How to fix it: If either of these issues is evident when trying on ready-to-wear garments, try going up or down a size first. If this doesn't fix it, you should consider custom options to correct the problem rather than trying to get it tailored.
Shorter jackets are trendy, but don't take it too far. And if you’re still wearing jackets down to your fingertips, you need to correct that situation as well!
Your suit jacket should cover about 80% of your butt and crotch.
Generally, the bottom edge of a jacket should end between the two knuckles on your thumb. This rule can be pushed a little bit when wearing a casual sport coat because they tend to be a little shorter.
How to fix it: Getting a jacket shortened or lengthened by a tailor is usually not possible. Try sizing up or down first, and then discuss with your sales associate to see if tailoring or custom is the better route for you.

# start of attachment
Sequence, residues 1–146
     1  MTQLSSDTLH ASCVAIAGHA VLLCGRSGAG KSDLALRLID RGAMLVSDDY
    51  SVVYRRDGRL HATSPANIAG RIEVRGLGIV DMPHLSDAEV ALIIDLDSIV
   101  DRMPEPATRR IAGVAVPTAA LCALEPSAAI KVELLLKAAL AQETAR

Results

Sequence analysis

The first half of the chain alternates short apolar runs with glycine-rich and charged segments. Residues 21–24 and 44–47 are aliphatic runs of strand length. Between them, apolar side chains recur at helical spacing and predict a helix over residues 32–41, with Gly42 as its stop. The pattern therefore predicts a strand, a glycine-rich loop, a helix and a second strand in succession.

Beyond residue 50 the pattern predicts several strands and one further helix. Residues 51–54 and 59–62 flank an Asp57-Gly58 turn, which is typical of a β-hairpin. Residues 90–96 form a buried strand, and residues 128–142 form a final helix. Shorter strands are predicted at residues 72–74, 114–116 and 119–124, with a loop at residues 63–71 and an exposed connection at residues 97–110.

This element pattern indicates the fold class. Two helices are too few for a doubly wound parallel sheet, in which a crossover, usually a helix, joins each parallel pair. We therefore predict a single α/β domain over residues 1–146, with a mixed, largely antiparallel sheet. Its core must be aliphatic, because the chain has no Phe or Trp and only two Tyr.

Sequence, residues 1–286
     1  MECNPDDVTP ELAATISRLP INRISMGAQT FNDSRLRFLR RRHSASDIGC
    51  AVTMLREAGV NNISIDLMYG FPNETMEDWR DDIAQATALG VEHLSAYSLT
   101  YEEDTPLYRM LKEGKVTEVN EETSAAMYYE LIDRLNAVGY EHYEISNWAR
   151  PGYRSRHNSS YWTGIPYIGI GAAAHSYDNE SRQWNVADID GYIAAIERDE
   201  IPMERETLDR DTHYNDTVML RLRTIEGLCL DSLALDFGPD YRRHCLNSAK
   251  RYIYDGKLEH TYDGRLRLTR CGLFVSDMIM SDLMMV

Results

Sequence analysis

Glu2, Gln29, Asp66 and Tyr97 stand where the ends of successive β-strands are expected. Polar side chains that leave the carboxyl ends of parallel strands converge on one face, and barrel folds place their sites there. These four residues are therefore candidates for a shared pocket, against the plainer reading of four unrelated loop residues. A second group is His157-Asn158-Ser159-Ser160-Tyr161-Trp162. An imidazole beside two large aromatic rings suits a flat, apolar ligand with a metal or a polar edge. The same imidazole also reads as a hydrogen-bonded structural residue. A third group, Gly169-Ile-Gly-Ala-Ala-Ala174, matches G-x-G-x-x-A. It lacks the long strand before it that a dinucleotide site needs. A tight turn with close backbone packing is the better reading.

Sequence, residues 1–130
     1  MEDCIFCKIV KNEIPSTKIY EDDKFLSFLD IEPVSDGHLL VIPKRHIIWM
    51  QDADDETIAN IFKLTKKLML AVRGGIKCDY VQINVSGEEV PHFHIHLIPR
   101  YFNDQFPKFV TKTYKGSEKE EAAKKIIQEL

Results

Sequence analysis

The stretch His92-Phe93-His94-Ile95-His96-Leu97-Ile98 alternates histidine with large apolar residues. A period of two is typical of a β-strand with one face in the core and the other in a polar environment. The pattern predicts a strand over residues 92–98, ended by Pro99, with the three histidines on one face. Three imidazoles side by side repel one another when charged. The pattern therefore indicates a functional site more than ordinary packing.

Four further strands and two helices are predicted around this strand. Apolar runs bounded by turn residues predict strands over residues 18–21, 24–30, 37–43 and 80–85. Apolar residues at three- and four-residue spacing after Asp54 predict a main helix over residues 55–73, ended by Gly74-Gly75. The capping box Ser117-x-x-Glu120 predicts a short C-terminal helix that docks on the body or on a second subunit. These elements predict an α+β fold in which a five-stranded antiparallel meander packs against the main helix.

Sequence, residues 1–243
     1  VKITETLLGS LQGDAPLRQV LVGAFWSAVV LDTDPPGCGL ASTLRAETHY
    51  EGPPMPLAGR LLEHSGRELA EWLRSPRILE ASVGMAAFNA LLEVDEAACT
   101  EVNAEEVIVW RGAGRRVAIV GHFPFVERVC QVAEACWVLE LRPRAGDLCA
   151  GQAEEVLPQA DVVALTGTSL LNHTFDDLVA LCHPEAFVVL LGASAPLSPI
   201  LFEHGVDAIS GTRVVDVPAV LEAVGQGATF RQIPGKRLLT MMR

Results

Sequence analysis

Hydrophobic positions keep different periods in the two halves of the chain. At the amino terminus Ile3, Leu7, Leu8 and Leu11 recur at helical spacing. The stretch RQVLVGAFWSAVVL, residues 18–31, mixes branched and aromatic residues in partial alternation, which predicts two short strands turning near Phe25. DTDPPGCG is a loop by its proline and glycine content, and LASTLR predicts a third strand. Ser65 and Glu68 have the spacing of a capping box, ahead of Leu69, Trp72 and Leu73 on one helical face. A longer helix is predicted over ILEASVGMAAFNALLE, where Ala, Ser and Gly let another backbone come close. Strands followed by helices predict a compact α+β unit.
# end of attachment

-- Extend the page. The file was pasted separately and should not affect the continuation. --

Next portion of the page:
It's not uncommon for the seat to be too tight or too saggy, depending on how athletic you are or the build of your bottom half. The seat should be smooth against your derriere without pulling. If it feels like they're going to split when you sit, it's time to size up.
How to fix it: Tailors can fix a saggy seat very easily. If your pants are too loose in the back, get it taken in. If it's too tight, your best bet is to size up. A tailor can usually only let out a pair of dress pants by a maximum of one inch.
This is a tough one because it's not easily solved with a quick trip to the tailor. The pockets on a trouser should lay flat and clean against the side of a man’s hip. If they pop, your pants don’t fit like they should!